- State Pension inflation protection must be properly restored after broken promises this year, especially as all public sector workers and pensioners will get full cpi pension uprating.
- Although public sector pay has not risen as much, public sector pension costs are around £50billion a year, a significant real terms deferred pay rise since 2010.
- UK State Pension increase was only 3.1% this year, despite earnings and prices rises rocketing twice as much, and UK State Pension is the lowest in the developed world.
- Millions of pensioners spend most of their pension on essentials like food and energy that have soared in price.
After last year’s betrayal, pensioners must have proper protection next year: Millions of pensioners were betrayed this year when the Conservative Election Manifesto pledge to keep their triple lock protection was not honoured. After struggling through the pandemic, many are now battling the cost of living rises. As earnings rose by over 8% last year, the Government decided it would not be ‘fair’ to keep the earnings link and passed legislation to take away the promised protections, even from the poorest pensioners. This has resulted in rising pensioner poverty, and those who complain that public sector pay is not rising by as much as cpi are ignoring the value of public sector pensions.
Public sector pension costs have risen significantly in real terms, but are ignored in discussion of pay rises: Public sector workers benefit from fully inflation-protected pensions. Workers, already mostly earning far more than State Pension payments, actually receive significant additional pay in the form of pensions. These are deferred earnings. The value of public sector pensions has soared since 2010 as ultra-low interest rates have increased their value from around 25-30% of each workers’ salary, to well over 40% of salary now. The costs of public sector pension payments each year has risen to £49.7billion according to official figures. These payments can never be reduced and must rise in line with inflation, so how could it be right to suggest that State Pensions should not be increased at least as much? The annual public sector pensions bill has consistently outstripped forecasts, despite efforts to reduce the disparity in generosity between public and private sector pensions. However, public sector workers do not tend to consider the full value of their promised pensions when discussing their pay, but this is a real part of the cost to taxpayers, who must pay promised pensions together with full inflation protection. In the private sector, inflation increases are capped at 5% or 2.5% or there is no index-linking at all.
UK’s State Pension is just £9,500 a year and increased only 3.1% in April, despite soaring prices: The 3.1% State Pension rise for this year started in April, despite inflation soaring since last October. This means many struggling with the rising cost of living, while both prices and earnings have rocketed by more than twice this amount. CPI Inflation is around 7% and set to rise sharply higher. Earnings growth, including bonuses, is around 6% and average workers’ pay is over £25,000 a year. But the full new State Pension is only around £9,500 a year, the lowest of all developed countries, so it is vital for Government to ensure pensioners are not abandoned during this inflation crisis. Millions rely solely on the State Pension and the poorest, typically women and those who were in low-paid careers, often had no chance to build private pensions. Many are falling into poverty.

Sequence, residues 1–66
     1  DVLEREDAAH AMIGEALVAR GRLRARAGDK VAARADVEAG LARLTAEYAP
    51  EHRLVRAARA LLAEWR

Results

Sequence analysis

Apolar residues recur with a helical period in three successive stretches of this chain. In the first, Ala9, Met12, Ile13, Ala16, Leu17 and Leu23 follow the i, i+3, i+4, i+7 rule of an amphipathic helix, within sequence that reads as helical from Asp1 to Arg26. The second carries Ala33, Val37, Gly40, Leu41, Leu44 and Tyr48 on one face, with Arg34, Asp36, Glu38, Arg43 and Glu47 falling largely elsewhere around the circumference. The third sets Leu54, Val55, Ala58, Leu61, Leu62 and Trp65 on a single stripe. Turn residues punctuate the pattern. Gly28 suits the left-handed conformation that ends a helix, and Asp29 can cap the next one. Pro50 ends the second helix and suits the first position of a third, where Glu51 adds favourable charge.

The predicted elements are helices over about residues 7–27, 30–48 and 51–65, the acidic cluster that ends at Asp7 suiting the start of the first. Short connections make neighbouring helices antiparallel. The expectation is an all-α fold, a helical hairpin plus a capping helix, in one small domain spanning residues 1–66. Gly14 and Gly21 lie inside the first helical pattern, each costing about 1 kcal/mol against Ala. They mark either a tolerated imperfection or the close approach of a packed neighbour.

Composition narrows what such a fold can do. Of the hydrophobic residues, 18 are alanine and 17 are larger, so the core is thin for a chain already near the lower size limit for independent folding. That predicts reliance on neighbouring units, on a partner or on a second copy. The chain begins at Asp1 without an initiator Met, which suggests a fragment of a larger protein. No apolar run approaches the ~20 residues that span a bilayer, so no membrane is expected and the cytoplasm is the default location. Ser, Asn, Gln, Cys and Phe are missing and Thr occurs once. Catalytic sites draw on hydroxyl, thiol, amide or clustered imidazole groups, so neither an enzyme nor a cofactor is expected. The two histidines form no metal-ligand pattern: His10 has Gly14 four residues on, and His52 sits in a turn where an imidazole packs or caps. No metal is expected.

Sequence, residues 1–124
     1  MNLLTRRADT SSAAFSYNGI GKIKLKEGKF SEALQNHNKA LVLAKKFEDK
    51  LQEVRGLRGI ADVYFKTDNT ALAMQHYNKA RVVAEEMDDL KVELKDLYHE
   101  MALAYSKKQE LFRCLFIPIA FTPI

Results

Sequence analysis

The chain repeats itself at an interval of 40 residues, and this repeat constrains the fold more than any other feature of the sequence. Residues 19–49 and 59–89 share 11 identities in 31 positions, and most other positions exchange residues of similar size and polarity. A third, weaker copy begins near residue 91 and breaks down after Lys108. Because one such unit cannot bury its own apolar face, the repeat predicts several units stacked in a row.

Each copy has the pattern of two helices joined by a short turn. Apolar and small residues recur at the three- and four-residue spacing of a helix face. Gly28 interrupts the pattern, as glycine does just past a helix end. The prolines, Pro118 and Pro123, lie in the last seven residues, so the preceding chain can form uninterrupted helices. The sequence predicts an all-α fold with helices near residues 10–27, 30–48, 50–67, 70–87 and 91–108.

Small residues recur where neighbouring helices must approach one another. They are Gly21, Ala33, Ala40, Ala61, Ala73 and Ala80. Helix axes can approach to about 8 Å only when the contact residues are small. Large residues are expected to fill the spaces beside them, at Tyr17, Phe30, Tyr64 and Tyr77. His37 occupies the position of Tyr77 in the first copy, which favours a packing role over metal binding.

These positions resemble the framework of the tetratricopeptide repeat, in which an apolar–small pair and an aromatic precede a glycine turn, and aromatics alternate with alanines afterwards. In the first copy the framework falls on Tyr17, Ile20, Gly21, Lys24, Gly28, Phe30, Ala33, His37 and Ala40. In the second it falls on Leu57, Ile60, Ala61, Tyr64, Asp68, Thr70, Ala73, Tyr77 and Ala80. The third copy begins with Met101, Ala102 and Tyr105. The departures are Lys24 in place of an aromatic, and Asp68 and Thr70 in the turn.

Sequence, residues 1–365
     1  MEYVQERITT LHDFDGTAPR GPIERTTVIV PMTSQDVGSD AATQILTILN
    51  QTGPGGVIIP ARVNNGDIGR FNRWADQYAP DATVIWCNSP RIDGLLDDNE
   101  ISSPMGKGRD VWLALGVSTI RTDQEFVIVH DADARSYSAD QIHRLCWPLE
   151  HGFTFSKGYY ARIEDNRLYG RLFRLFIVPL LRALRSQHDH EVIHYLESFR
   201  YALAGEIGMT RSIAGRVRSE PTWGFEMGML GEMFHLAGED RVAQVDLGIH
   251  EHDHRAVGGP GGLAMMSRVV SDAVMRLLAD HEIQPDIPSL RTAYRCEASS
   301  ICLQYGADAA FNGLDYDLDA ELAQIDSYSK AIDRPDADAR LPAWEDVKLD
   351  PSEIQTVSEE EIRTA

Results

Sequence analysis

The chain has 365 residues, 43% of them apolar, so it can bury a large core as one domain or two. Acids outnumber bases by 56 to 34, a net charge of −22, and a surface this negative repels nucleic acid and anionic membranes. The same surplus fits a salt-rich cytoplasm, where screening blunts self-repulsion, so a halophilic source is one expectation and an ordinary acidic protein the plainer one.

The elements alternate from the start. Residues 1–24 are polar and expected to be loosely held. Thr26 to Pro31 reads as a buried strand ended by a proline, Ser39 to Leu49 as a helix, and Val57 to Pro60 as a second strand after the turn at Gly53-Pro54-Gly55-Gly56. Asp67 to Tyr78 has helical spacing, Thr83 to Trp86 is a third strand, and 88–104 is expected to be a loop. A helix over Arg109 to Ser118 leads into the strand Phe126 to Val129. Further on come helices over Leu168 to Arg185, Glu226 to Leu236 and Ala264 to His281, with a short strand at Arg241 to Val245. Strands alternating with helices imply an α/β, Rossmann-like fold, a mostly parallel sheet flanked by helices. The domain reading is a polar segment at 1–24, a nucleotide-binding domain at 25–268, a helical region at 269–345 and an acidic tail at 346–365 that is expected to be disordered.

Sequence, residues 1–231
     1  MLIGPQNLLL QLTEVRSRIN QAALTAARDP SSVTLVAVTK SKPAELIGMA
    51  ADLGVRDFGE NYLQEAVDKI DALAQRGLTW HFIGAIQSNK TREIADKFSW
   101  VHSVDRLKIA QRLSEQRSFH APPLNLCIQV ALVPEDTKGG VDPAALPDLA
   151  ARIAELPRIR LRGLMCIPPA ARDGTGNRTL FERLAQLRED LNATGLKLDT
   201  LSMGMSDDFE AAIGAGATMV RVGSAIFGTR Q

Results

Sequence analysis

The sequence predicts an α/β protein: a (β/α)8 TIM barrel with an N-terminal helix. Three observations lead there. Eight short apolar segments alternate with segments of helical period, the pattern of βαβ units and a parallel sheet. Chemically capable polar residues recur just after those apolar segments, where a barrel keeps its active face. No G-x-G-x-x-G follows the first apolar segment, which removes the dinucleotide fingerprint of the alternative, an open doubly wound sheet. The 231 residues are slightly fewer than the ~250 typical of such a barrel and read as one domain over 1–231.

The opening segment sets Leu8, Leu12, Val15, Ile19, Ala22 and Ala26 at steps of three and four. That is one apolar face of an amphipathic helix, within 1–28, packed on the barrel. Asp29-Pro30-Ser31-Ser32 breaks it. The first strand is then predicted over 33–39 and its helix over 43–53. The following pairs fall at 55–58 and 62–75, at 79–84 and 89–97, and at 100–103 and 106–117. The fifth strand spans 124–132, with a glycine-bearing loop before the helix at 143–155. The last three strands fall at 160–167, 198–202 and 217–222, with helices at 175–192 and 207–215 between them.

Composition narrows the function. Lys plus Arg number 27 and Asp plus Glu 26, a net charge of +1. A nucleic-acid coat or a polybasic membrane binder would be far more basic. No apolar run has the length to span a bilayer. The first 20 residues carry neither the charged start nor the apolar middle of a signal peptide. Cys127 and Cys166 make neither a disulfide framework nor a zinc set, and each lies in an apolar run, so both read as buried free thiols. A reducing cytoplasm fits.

Promised protection was even stripped from Pension Credit leaving the poorest at risk: The 3.1% increase for pensioners, well below the promised triple lock, was also applied to the means-tested Pension Credit. This benefit had always been tied to average earnings and never covered by the triple lock promise. However, the Government passed new legislation to strip these poorest pensioners of their earnings protection too. These older citizens spend most of their money just on essentials like food and heating, which have increased by far more than overall inflation, making it particularly difficult for them to make ends meet.
Emergency help for pensioners is welcome and proper pension rises next year are only right: The Government has, commendably, introduced emergency extra help for pensioners this year as one-off payments, but it is really important they are properly protected next year and I fully support the decision to ensure the promised inflation increases are paid from next April. Pensioners were short-changed this year, punishing the poorest unfairly and increasing the numbers in poverty. They must not be betrayed again.